Press Release (ePRNews.com) - SAN DIEGO - Jul 10, 2017 - Finland is considered to have the finest educational system in the world. Below, a quick look provides specifics and how well their educational model matches with teaching strategies of ‘The Montessori Child.’
Finland’s Educational Model
“Finnish children benefit from early daycare and start school at age seven,” says Zandre Campos in his article “Three lessons from Finland’s education system (http://www.huffingtonpost.com/zandre-campos/three-lessons-from-finlan_b_11332254.html).” He says, “Compulsory school lasts only nine years. School days are shorter and student/teacher ratios are about 20/1. Homework is minimal and there are no mandated standardized tests.” In his article, he also shares that the graduation rate is 93% from academic and vocational high schools—17% higher than in the U. S. and two-thirds continue on to college–and that education is spending is about 30% less per student than in the U. S., while tuition is free to all.
How Finland’s Model Matches and Differs From The Montessori Toddler, Preschool and Child Model
• Both Finland and Montessori philosophies let kids play!
• Finnish students have only three to four classes daily. They have several breaks and recesses of 15-20 minutes each day.
• Individual attention to the student rules in both models – In Finnish elementary schools, students often have the same teacher for up to six years, allowing teachers to know each student’s needs and learning styles. Within their system, collaboration and positive reinforcement is part of the daily plan.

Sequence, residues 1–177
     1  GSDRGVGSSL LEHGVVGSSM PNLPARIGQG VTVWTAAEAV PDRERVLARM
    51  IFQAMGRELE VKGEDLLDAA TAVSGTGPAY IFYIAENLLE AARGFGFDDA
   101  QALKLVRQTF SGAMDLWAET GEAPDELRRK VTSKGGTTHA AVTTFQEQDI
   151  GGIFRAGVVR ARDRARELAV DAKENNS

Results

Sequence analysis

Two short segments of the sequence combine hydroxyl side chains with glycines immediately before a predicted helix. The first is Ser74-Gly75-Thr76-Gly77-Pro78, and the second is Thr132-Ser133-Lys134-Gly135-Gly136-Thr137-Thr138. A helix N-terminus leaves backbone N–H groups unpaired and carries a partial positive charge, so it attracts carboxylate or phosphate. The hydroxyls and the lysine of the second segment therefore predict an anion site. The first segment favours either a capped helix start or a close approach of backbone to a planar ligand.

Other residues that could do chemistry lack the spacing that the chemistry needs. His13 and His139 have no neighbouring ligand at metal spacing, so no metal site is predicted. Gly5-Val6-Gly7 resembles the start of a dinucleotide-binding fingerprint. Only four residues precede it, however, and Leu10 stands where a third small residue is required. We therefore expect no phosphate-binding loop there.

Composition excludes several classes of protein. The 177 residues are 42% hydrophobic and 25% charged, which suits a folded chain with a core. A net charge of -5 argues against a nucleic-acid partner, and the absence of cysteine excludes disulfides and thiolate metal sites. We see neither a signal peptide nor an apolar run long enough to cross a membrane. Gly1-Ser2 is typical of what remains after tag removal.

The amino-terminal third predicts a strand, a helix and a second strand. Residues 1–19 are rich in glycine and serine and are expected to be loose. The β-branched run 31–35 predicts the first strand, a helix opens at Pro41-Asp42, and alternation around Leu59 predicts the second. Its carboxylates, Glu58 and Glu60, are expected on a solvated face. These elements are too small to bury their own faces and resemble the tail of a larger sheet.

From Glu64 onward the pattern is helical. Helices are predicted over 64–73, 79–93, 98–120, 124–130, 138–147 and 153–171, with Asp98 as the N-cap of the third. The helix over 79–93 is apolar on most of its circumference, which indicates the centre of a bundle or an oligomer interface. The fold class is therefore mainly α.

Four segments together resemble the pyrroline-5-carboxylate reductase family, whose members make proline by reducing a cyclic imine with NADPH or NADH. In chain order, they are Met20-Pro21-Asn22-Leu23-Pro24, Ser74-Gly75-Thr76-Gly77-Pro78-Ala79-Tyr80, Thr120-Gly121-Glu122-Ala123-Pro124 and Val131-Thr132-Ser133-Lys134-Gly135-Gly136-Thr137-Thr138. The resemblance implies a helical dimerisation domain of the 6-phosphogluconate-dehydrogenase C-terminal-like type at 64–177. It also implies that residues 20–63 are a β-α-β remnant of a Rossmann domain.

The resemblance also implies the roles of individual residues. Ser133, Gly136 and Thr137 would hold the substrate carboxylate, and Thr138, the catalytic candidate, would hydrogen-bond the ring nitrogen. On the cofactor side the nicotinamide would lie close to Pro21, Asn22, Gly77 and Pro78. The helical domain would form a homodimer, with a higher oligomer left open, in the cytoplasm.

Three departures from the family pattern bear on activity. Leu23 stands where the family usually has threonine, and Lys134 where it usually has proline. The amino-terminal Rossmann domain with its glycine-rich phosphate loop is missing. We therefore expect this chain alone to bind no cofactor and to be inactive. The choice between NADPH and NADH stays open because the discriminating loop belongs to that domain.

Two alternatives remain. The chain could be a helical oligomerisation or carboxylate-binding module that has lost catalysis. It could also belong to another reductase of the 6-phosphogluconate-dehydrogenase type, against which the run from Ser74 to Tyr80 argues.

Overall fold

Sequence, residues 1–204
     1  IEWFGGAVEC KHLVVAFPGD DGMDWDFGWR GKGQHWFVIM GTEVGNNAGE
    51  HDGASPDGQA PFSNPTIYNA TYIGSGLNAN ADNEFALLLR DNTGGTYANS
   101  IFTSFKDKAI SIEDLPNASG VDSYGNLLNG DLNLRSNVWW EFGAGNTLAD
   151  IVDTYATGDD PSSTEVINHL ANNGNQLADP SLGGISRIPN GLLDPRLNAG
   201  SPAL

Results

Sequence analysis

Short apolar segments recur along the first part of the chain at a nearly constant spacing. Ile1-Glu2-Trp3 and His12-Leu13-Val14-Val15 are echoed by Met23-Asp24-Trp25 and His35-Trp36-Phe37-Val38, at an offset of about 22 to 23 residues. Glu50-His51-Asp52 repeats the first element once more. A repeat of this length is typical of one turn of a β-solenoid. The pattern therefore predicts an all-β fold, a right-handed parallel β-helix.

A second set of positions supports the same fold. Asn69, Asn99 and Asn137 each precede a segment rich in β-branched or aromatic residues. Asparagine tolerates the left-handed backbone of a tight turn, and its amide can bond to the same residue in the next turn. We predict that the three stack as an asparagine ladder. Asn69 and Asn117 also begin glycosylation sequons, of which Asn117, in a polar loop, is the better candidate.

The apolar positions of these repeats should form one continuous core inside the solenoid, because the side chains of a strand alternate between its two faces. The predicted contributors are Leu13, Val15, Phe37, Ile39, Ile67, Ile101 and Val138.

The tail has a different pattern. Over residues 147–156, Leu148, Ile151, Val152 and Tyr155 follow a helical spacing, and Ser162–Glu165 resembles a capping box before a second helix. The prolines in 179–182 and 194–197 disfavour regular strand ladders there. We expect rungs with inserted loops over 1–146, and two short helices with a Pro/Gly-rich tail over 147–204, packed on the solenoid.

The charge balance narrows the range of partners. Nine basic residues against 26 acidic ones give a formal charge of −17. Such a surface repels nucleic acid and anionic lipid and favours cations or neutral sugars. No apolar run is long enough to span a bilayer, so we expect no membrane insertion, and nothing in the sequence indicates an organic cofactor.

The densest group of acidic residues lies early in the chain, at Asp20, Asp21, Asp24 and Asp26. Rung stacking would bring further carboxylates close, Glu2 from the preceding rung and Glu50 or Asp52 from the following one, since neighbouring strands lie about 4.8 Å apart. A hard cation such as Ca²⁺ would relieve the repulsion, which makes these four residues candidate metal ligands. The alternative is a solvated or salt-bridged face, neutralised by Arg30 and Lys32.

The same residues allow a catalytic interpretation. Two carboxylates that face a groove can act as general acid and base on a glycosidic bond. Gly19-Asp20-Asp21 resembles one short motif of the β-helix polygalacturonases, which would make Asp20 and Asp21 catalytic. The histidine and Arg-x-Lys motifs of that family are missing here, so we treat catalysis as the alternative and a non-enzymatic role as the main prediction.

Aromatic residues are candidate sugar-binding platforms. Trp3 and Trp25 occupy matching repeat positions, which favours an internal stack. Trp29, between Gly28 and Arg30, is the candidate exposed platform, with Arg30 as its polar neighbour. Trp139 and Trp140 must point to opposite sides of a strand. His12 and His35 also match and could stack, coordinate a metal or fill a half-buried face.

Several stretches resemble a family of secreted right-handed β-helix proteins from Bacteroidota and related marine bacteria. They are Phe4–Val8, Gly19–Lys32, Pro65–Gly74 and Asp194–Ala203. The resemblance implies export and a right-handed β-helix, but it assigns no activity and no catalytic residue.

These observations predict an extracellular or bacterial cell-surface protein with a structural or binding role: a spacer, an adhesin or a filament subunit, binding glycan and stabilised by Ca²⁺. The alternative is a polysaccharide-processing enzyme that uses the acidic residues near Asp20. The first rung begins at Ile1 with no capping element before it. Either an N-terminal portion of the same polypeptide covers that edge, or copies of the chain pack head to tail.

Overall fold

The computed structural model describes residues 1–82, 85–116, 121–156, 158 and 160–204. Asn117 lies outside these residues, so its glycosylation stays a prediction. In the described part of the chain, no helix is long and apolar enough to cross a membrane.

• Student collaboration and interaction is emphasized in both models – Montessori children are prepared to learn how to learn rather than learning how to take and pass a test.
• A broader, interdisciplinary curricula is incorporated into both models –
“Instead of single-subject classes, the Finnish approach is to blend subjects that lend meaning in a more integrated fashion to better understand future global challenges,” says Rebecca Klein of the Huffington Post (http://www.huffingtonpost.com/2015/03/28/finland-educatio…).
As a result, students are being taught to apply their skills within multiple contexts rather than just math or music or other single subject strengths. This approach is also highlighted via The Montessori Method, where Montessori elementary students learn conceptually from ‘Five Great Lessons.’ This integrated curricula teaches concepts that flow from a general understanding of the world into a detailed breakdown of science, nature, math, communication and the arts. Montessori schools are focused on conceptual ways to engage and empower children to choose and learn what works best for them.
Re-Form School, Not Reform School
“America’s educational system was formed nearly 200 years ago during our agrarian and farm society,” Kristin Edwards, M.Ed., co-founder of Lifetime Montessori School (LMS) in Santaluz, says. “It hasn’t been changed in all this time and it certainly has gaping holes in its very fabric.”
“If you look into the black holes of our educational fabric, what you’ll see are special interests that hinder our children at every turn,” she says.